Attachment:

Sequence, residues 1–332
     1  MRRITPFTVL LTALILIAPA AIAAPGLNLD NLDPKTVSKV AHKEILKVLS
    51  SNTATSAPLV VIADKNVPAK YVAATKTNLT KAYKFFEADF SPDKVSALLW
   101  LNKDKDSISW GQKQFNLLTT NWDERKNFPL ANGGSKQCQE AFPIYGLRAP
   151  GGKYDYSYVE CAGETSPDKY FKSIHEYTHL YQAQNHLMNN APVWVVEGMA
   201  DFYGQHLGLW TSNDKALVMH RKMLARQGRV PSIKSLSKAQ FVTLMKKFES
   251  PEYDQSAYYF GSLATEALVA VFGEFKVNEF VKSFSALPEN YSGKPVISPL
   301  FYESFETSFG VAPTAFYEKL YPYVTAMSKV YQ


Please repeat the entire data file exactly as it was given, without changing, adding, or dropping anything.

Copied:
Sequence, residues 1–332
     1  MRRITPFTVL LTALILIAPA AIAAPGLNLD NLDPKTVSKV AHKEILKVLS
    51  SNTATSAPLV VIADKNVPAK YVAATKTNLT KAYKFFEADF SPDKVSALLW
   101  LNKDKDSISW GQKQFNLLTT NWDERKNFPL ANGGSKQCQE AFPIYGLRAP
   151  GGKYDYSYVE CAGETSPDKY FKSIHEYTHL YQAQNHLMNN APVWVVEGMA
   201  DFYGQHLGLW TSNDKALVMH RKMLARQGRV PSIKSLSKAQ FVTLMKKFES
   251  PEYDQSAYYF GSLATEALVA VFGEFKVNEF VKSFSALPEN YSGKPVISPL
   301  FYESFETSFG VAPTAFYEKL YPYVTAMSKV YQ